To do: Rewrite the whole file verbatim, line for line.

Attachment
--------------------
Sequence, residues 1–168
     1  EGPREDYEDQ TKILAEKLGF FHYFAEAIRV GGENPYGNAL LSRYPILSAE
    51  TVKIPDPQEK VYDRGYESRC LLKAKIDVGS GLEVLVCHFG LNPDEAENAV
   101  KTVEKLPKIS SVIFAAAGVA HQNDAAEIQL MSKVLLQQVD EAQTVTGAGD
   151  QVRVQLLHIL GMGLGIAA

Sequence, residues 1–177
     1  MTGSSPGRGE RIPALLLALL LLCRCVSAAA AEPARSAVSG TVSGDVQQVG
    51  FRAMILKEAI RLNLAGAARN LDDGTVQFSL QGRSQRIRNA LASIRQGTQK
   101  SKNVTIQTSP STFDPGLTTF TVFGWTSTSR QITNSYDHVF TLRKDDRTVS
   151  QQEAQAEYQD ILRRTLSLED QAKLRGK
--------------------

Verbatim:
Sequence, residues 1–168
     1  EGPREDYEDQ TKILAEKLGF FHYFAEAIRV GGENPYGNAL LSRYPILSAE
    51  TVKIPDPQEK VYDRGYESRC LLKAKIDVGS GLEVLVCHFG LNPDEAENAV
   101  KTVEKLPKIS SVIFAAAGVA HQNDAAEIQL MSKVLLQQVD EAQTVTGAGD
   151  QVRVQLLHIL GMGLGIAA

Sequence, residues 1–177
     1  MTGSSPGRGE RIPALLLALL LLCRCVSAAA AEPARSAVSG TVSGDVQQVG
    51  FRAMILKEAI RLNLAGAARN LDDGTVQFSL QGRSQRIRNA LASIRQGTQK
   101  SKNVTIQTSP STFDPGLTTF TVFGWTSTSR QITNSYDHVF TLRKDDRTVS
   151  QQEAQAEYQD ILRRTLSLED QAKLRGK